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Dr. Hanscom's Blog The Bidirectional Interaction between Resilience and Your Immune System

Discussion in 'Mindbody Blogs (was Practitioner's Corner)' started by Back In Control Blog, May 8, 2021.

  1. Back In Control Blog

    Back In Control Blog Well known member

    This blog is based on a review paper written by Dr. Robert Dantzer that discusses how resilience and immunity influence each other. (1) It is a bi-directional relationship in that poor adaptive skills stimulate the immune system; and a fired up immune system makes it harder to deal with stress.

    He defines resilience as, the process that allows individuals to adapt to adverse conditions and recover from them. Stress susceptible individuals have a different immune system profile than that of resilient individuals. He reviews the four most notable factors that affect resiliency and therefore the reactivity of the immune system. It is desirable for the immune system to quickly respond to an acute threat and equally important for it to quickly calm down. In fact, short-term stresses enhance immune function. But chronic psychological stress tends to suppress the immune response.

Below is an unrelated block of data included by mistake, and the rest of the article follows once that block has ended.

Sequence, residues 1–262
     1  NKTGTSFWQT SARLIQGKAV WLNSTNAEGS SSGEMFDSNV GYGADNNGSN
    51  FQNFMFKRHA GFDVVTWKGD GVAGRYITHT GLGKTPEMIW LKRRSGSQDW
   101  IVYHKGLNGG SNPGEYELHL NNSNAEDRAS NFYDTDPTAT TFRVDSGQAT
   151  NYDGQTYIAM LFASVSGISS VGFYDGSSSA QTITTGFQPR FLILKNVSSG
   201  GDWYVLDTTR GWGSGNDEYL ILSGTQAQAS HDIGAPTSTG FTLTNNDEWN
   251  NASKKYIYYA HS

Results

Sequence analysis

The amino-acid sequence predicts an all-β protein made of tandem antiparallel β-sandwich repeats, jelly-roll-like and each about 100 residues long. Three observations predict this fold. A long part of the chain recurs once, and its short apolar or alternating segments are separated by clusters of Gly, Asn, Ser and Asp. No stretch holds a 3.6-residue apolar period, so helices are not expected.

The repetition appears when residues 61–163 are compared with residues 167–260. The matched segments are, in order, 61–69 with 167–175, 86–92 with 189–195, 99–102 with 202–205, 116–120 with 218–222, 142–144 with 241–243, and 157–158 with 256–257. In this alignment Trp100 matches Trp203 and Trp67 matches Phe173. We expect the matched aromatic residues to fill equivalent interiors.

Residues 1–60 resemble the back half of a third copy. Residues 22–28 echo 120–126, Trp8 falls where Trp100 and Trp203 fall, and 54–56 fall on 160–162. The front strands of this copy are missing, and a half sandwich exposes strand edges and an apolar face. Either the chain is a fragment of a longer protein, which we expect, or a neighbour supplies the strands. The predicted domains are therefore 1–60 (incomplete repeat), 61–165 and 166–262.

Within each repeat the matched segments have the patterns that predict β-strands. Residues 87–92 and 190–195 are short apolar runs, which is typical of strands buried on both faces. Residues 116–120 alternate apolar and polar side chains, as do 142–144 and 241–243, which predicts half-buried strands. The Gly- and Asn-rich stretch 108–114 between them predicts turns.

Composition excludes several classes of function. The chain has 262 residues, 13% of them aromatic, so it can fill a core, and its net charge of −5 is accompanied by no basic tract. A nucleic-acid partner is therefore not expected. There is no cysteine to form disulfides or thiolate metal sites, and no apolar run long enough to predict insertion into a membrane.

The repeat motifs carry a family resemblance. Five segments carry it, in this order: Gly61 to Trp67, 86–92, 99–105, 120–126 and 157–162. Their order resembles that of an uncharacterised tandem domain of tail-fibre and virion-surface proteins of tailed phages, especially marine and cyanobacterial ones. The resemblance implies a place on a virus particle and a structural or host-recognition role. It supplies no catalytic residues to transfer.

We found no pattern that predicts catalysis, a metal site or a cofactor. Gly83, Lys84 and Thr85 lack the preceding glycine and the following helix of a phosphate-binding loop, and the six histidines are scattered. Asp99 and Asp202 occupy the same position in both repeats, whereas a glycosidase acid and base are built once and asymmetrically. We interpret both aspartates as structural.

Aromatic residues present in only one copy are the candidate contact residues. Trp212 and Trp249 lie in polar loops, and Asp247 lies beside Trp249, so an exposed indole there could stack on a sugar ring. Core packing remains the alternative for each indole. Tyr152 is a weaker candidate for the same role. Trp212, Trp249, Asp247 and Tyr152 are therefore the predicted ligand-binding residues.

The psychological factors are:

    • Positive affect – “can do” attitude
    • Personal control
    • Optimism
    • Social support

    It works both ways

    Although, being exposed to chronic threats is problematic, how you process them is critical. One study showed that a positive affect (happiness, joy, excitement, enthusiasm, and contentment) predicted better self-rated health than hunger, shelter, and safety. (2). A classic example is the story of Viktor Frankl, an Austrian psychiatrist who found a way to thrive in the midst of the horrors of a concentration camp. He relates this incredible experience in his autobiography, Man’s Search for Meaning. (3)

    Social connection was shown to counteract increased mortality in men over 50 exposed to high levels of stress over a seven-year period. (4)

    It also works the other way around. When the immune system is chronically activated it can induce many unpleasant reactions. The brain is also compromised of glial cells that support the neurons and also throw off small proteins called cytokines. Under threat, inflammatory cytokines are produced that sensitize the nervous system. The inflammation can induce some of the physical manifestations of depression such as poor appetite, fatigue, and insomnia. Eventually, thinking capacity is affected. The immune system directly affects the psychological state of the person and the psychological state affects the immune system.

    He also reviews the role of diet on the microbiome of the gut and poor-quality diet reduces resilience and is a risk factor for major depression. (1)

    These are just a few points from his extensive review paper regarding the relationship between a person’s ability to adapt to adversity affecting the immune response but also the state of the immune response affecting the capacity to effectively deal with adversity.